July 21, 2024 3:19 am

The premier news source for Snohomish County

Superior Court candidate plans to be the bridge between the judiciary and the people

SNOHOMISH COUNTY—When Mary Anderson, candidate for Snohomish County Superior Court Judge, was a young girl two bail bondsmen broke into her home indicating that they saw someone who they were looking for run in. Her mother, being of Mexican descent and struggling with English at the time, was pushed to the ground and Anderson was left, watching in horror, wondering how these individuals could have entered their home without a warrant.

Superior Court
Snohomish County Superior Court Judge candidate Mary Anderson.

That experience has been seared into her mind all of these years and is one of the greater reasons she decided to practice law.

“I promised myself I would never let this happen to another family,” Anderson told the Lynnwood Times.

Now, after over a decade of practicing law under her own firm, the Guidance of Justice Law Firm, 15-years of real estate experience, and three successful businesses, she plans to take her fight for justice to the next level: As Snohomish County Superior Court Judge.

If elected Anderson’s vision for the Snohomish County courts is a judicial system that serves everyone. As a judge, she promises to provide balanced and informed decisions, rooted in her extensive experience in a variety of legal areas.

An example Anderson gave the Lynnwood Times on how she would make the courts more accessible is to provide more financial assistance to jurors so that everyone can participate in their civic duty regardless of socioeconomic status.

“[Sometimes a] Judge would have to excuse people based on financial hardship where they couldn’t afford to sit on a jury or they had child care and couldn’t afford the child care,” Anderson told the Lynnwood Times. “My thought process is: if we have the same people thinking the same way how can we really make honest, systemic, changes to the judiciary?”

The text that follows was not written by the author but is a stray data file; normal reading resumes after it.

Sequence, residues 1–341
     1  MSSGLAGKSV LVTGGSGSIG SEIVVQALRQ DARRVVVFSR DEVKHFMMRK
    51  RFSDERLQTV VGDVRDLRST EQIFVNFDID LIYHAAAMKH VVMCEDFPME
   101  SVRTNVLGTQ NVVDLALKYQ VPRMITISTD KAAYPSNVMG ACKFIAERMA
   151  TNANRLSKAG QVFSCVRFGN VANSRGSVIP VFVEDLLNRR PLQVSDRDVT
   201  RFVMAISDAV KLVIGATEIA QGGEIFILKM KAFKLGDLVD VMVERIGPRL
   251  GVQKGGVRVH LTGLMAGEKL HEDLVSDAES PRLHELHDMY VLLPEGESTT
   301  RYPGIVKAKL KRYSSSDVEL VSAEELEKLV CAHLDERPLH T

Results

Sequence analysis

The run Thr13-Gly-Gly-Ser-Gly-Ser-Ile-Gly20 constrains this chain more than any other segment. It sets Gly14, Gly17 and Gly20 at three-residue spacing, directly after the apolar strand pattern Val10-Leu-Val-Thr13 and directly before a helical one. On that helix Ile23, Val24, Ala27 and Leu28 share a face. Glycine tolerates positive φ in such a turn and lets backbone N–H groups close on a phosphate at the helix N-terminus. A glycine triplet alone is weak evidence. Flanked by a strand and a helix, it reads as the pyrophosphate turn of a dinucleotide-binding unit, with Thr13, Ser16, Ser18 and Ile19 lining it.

Anderson’s solution is to go to the legislature, if a juror makes less than $40 thousand a year, to request their rate be $100 a day instead of $10 a day, and if they need assistance with childcare request a voucher.

“Right now, the big corporations pay their employees to sit on a jury, to do their civic duty,” said Anderson. “Other people want to do their civic duty they just can’t afford it – they don’t have the resources.”

This results in a jury that doesn’t often reflect the individual being tried, Anderson continued.

“It boils down to diversity of thought. When you see what you want to see you can’t see at all, which is a problem because we want to make sure everyone sees everything from every perspective,” said Anderson. “I really want to be educational and really thoughtful when I become the next judge to make sure everyone is seen and heard, and we have a court system that they trust – just be that bridge to the community.”

Speaking of diversity of thought, Anderson says she is the candidate with the “most diverse experience” representing individuals in civil cases, which encompass more than 66% of Snohomish County court cases.

Through her decades-long law practice most of Anderson’s cases have been civil; from real estate law to consumer protection, to civil rights, class action, personal injury, bankruptcy, and family law.